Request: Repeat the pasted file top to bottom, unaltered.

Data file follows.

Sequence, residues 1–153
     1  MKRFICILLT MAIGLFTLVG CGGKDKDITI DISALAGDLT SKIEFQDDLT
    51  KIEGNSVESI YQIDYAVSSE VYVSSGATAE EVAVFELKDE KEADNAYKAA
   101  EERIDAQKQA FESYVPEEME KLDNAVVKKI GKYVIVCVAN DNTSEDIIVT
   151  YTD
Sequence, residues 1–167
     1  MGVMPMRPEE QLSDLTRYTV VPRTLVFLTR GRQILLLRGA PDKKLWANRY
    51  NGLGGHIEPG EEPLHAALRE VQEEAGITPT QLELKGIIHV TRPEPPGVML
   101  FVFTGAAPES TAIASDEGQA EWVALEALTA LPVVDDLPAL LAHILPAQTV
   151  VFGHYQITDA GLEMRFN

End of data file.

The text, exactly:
Sequence, residues 1–153
     1  MKRFICILLT MAIGLFTLVG CGGKDKDITI DISALAGDLT SKIEFQDDLT
    51  KIEGNSVESI YQIDYAVSSE VYVSSGATAE EVAVFELKDE KEADNAYKAA
   101  EERIDAQKQA FESYVPEEME KLDNAVVKKI GKYVIVCVAN DNTSEDIIVT
   151  YTD
Sequence, residues 1–167
     1  MGVMPMRPEE QLSDLTRYTV VPRTLVFLTR GRQILLLRGA PDKKLWANRY
    51  NGLGGHIEPG EEPLHAALRE VQEEAGITPT QLELKGIIHV TRPEPPGVML
   101  FVFTGAAPES TAIASDEGQA EWVALEALTA LPVVDDLPAL LAHILPAQTV
   151  VFGHYQITDA GLEMRFN